At the end of the day, how do we reduce costs in the agricultural crop?
The agricultural harvest cost is one of the main concerns of the rural producer. After all, high expenses can compromise their competitive advantage in the market and cause their business to collapse. Therefore, many have sought to identify the sources of waste in production and evaluate ways to optimize processes. But how is that possible?
For the farmer to see the growth of their business, it is essential that they know how to measure the costs of their crop and apply methods and technologies that optimize its management. And that is what we are going to talk about in this post.
First, understand your costs per crop
To reduce costs, you must understand them first. And the first step in this direction is to understand the production processes from the purchase of the agricultural inputs to the sale of the products. Learn how to do that.
To calculate the costs, it is necessary to design the production processes from the preparation of the soil to the commercialization of the crop. The more detail present in this mapping, the better. Among the main elements that should be listed in this step are:
- agricultural inputs;
- tasks and services that demand costs;
- payment of workers;
- cost with machinery.
After this first phase, the farmer will have in their hands all the fundamental information to understand what will be necessary in terms of costs to achieve their goals. Therefore, it is important that tasks are organized logically and with accurate data. This will help prevent unforeseen events and repeat work.
In addition, process mapping will allow the farmer to understand the most critical tasks of production, directing their strategic decisions in relation to the current crop. After that, the manager can evaluate the costs of the specific elements of the crop.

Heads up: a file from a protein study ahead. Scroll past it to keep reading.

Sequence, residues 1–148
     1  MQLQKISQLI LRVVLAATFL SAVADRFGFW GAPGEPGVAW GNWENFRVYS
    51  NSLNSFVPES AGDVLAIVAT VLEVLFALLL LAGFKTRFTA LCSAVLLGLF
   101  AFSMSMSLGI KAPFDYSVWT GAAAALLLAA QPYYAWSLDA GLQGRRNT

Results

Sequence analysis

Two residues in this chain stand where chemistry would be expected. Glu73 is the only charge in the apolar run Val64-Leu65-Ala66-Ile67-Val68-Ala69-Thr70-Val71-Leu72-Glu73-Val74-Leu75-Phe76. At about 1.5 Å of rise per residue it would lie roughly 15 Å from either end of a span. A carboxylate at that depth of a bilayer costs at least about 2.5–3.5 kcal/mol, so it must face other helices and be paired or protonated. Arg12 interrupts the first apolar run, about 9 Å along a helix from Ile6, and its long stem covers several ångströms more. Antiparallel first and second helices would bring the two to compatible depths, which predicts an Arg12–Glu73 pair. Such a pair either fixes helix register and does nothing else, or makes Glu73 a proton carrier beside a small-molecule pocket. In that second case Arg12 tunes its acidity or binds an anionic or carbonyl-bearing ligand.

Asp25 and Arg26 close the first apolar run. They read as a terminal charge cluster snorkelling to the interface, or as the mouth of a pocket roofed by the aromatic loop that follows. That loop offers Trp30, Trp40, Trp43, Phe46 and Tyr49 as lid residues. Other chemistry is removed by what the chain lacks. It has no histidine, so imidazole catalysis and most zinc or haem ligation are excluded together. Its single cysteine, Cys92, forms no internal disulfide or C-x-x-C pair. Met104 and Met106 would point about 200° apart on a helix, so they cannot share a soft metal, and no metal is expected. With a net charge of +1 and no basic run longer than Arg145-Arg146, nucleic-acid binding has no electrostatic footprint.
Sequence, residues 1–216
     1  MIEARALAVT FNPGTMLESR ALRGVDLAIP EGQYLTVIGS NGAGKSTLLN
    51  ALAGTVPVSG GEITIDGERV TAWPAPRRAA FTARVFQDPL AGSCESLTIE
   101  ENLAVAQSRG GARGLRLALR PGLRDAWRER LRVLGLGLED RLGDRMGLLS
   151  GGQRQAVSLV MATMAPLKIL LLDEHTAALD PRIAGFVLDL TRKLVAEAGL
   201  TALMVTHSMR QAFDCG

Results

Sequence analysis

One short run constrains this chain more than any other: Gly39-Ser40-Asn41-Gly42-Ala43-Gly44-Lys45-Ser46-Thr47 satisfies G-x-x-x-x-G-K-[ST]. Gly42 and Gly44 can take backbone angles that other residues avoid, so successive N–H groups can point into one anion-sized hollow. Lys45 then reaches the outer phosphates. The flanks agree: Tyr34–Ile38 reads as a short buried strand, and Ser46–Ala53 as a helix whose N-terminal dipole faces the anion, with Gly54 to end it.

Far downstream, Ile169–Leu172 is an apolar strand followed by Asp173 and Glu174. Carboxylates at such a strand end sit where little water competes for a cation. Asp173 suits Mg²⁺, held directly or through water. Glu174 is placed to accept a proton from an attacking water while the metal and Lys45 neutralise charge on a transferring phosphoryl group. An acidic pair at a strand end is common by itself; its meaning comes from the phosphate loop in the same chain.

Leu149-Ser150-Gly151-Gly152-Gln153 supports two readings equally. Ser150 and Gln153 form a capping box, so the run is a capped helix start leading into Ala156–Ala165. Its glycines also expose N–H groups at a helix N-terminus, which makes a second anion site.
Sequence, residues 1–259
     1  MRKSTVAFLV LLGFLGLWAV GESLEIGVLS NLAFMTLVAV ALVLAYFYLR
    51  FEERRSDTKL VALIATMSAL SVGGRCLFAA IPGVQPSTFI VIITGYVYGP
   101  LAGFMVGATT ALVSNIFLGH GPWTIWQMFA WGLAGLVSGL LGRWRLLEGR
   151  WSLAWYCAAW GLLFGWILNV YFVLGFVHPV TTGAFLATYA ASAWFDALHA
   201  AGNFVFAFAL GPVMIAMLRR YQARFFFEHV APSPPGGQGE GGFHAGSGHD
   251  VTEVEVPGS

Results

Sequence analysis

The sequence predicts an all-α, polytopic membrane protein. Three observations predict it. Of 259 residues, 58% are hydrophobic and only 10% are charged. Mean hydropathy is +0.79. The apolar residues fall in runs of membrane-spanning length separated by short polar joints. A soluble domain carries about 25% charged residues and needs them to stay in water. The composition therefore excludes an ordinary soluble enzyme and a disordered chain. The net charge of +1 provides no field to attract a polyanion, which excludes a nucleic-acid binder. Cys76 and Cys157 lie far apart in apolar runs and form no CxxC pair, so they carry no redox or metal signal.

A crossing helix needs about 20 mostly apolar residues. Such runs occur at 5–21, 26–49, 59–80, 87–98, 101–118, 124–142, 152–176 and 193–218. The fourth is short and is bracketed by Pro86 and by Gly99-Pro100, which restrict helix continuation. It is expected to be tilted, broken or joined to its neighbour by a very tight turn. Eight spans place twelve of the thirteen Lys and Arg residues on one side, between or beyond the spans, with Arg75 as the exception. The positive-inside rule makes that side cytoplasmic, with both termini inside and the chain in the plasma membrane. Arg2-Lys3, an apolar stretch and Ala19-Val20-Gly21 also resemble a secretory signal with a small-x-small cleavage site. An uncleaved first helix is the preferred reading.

Only the inputs used for the specific crop are considered in the calculation, not all the material that is in stock. For example, if 300 kg of fertilizer were purchased, but 270 kg were used, then only the latter value will enter into the calculation.
Let us say it is NPK 10-10-10, with a cost of R13.85/kg. The final price of 300 kg would be R4,153.79. However, only R3,737.58 would be counted for the 270 kg used in that harvest.
Although the 30 kg is included as the cost of the business as a whole, it will not be applied to that specific crop.
To evaluate the costs of equipment used in an agricultural crop, it is necessary to take into account several variables, such as:
- price of new equipment;
- number of machines used;
- hours worked per hectare;
- price of fuel;
- the useful life of the machine;
- maintenance costs.
All this information is considered to calculate costs of production, either the machines have been bought with a payment order in cash or on terms. In both cases, only a fraction of the total value is counted.
Here salaries, labour charges, benefits, overtime, and such are considered. It is necessary, however, to calculate the hours that employees have dedicated to production. Therefore, the elements mentioned should be proportional to the time used in the harvest.
With this information, the producer will be able to understand the costs related to their current production and thus take strategic measures to eliminate waste, as we will see below.
Eliminate crop waste
Waste in production can have several sources, such as:
- inputs and products in stock with past expiration dates, etc.;
- poorly planned flow schemes, routes, and transport increasing the products’ waiting time;
- poorly planned tasks and movement operators, resulting in errors;
- flawed or redundant processes that do not bring benefits to the product or the end consumer, only increasing costs and wasting resources;
- equipment problems, errors, and human failure.
As a result, some methods have emerged that aim to identify and eliminate these failures, in order to avoid the waste that increases the costs of the harvest. Let us learn about some of them.